BP (NYSE:BP) has started up production from the Galapagos project in the deepwater Gulf of Mexico, demonstrating yet again that this offshore area is a vital part of the future domestic supply of oil.
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BP just reported the start of production from the Isabela, Santiago and Santa Cruz fields located in the Mississippi Canyon area of the Gulf of Mexico. This phase of development involved four production wells at these fields, which will be connected to the Na Kika platform.
The Na Kika platform handles production from nine different oil and gas fields located nearby and was built in 2003 at a total cost of roughly $1.5 billion. The platform is operated and 50% owned by BP, with Royal Dutch Shell (NYSE:RDS.A, RDS.B) owning the balance of the platform. BP plans to ramp up the Na Kika platform to its full productive capacity of 130,000 barrels of oil per day by the end of June 2012. The Isabela field is operated by BP, while Noble Energy (NYSE:NBL) operates the Santiago and Santa Cruz fields.
BP has an extensive exploration and development program planned for the Gulf of Mexico and will spend approximately $4 billion here annually here over the next ten years. The company has interests in more than 650 offshore leases.
Anadarko Petroleum (NYSE:APC) is active in the deepwater Gulf of Mexico and holds nearly a 67% interest in Walker Ridge block 792, where the company plans a three well exploration program. Anadarko Petroleum recently drilled the Spartacus well, the first prospect on this block, and reported the well as non commercial. Apache Corporation (NYSE:APA) holds a 33% interest in this block.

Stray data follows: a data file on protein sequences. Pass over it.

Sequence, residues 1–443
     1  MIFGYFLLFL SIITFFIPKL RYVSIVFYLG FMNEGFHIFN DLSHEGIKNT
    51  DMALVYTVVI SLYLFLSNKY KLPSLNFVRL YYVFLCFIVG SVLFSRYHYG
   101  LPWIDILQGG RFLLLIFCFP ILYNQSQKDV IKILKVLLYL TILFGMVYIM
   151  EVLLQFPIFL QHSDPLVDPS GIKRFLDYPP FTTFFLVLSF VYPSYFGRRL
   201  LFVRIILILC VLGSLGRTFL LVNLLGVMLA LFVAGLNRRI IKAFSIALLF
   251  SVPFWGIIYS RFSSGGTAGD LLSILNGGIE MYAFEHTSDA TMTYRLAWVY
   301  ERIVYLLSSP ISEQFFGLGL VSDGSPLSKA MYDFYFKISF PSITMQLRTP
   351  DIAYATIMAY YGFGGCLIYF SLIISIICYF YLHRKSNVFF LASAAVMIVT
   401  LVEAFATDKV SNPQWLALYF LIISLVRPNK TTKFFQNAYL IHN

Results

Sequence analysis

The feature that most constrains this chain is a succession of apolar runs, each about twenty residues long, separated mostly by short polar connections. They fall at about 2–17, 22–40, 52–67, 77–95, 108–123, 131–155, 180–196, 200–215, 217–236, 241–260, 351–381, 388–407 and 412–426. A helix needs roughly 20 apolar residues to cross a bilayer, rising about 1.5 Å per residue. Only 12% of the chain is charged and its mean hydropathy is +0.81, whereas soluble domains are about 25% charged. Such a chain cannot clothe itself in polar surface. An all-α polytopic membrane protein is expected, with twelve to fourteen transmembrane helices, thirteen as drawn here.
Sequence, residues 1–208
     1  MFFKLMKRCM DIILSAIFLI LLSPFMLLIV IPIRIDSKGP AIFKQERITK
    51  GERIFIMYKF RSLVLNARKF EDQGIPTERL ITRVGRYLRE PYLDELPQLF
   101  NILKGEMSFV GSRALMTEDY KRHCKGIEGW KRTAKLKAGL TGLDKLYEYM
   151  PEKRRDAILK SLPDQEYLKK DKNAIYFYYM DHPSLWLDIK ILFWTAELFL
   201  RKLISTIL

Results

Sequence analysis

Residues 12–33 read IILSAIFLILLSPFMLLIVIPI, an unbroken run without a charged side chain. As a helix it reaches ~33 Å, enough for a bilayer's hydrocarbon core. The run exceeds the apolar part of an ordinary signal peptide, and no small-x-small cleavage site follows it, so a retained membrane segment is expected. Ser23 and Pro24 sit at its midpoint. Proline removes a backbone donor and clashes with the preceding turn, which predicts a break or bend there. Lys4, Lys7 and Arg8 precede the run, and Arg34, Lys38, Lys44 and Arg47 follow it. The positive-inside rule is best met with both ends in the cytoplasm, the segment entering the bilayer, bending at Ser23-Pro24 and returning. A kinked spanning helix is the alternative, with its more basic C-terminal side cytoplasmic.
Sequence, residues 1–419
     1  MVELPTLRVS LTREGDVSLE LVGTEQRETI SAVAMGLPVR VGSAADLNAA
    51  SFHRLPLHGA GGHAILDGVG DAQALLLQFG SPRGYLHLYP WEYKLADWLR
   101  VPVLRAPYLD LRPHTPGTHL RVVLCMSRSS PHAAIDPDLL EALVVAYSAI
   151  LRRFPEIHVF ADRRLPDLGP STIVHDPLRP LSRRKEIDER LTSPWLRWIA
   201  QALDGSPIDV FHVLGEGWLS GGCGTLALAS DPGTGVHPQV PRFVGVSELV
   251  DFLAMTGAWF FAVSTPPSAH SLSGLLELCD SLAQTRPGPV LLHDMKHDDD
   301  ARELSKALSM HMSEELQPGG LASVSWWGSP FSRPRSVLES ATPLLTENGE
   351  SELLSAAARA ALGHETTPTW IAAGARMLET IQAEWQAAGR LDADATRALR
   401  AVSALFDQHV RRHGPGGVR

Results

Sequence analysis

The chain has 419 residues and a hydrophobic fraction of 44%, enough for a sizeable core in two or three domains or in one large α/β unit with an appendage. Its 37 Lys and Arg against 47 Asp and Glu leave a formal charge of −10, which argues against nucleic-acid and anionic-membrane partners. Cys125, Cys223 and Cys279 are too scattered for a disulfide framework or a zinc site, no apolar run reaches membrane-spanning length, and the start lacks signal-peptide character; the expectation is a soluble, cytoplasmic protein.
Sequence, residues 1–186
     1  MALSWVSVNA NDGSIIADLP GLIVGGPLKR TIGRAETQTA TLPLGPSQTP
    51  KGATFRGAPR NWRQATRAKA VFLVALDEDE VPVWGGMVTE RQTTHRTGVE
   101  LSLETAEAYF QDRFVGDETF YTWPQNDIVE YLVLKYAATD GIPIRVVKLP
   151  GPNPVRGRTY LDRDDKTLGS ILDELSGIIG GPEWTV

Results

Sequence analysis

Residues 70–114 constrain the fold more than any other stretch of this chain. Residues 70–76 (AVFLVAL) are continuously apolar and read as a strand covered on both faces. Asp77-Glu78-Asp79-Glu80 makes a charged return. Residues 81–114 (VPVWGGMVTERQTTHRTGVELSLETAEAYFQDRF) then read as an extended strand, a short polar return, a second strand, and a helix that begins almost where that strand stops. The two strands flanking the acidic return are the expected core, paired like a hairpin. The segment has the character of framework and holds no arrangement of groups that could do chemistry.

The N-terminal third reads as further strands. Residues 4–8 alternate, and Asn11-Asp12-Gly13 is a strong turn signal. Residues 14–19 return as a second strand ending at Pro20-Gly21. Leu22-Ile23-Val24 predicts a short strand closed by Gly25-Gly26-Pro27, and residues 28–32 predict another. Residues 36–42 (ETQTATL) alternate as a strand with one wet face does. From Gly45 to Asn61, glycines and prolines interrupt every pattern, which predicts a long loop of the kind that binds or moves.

Cobalt International Energy (NYSE:CIE) also struck out on a recent well in the deep water Gulf of Mexico. The company reported that the Ligurian #2 exploratory well on Green Canyon Block 814 was non commercial and would be plugged and abandoned. The well was targeting a number of Miocene formations.
Cobalt International Energy is not letting one failure disrupt the company's exploratory drilling program and plans to start drilling the North Platte #1 exploratory well in the third quarter of 2012. The company estimates that the entire North Platte area holds between 400 million and 850 million barrels of oil equivalent of gross unrisked resources.
The Bottom Line
The deepwater Gulf of Mexico has an abundance of oil and gas resources that many operators have developed and brought onto production over the last decade. The Galapagos project is the latest success by the industry and indicates the importance of this area to the U.S.
At the time of writing, Eric Fox did not own shares in any of the companies mentioned in this article.